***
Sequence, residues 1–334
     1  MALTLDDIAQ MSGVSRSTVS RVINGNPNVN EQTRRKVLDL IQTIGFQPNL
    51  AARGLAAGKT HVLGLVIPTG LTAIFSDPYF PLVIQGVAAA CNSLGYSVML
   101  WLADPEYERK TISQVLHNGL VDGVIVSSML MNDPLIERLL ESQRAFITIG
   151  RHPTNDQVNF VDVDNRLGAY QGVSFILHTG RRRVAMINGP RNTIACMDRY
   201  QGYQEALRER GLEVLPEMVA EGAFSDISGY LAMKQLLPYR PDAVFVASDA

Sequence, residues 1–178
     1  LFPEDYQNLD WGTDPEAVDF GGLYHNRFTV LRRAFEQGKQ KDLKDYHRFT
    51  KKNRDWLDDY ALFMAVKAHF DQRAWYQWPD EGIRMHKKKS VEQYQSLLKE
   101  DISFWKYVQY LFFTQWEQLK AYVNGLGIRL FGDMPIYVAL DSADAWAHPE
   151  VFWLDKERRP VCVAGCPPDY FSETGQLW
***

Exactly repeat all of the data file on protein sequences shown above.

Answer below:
Sequence, residues 1–334
     1  MALTLDDIAQ MSGVSRSTVS RVINGNPNVN EQTRRKVLDL IQTIGFQPNL
    51  AARGLAAGKT HVLGLVIPTG LTAIFSDPYF PLVIQGVAAA CNSLGYSVML
   101  WLADPEYERK TISQVLHNGL VDGVIVSSML MNDPLIERLL ESQRAFITIG
   151  RHPTNDQVNF VDVDNRLGAY QGVSFILHTG RRRVAMINGP RNTIACMDRY
   201  QGYQEALRER GLEVLPEMVA EGAFSDISGY LAMKQLLPYR PDAVFVASDA

Sequence, residues 1–178
     1  LFPEDYQNLD WGTDPEAVDF GGLYHNRFTV LRRAFEQGKQ KDLKDYHRFT
    51  KKNRDWLDDY ALFMAVKAHF DQRAWYQWPD EGIRMHKKKS VEQYQSLLKE
   101  DISFWKYVQY LFFTQWEQLK AYVNGLGIRL FGDMPIYVAL DSADAWAHPE
   151  VFWLDKERRP VCVAGCPPDY FSETGQLW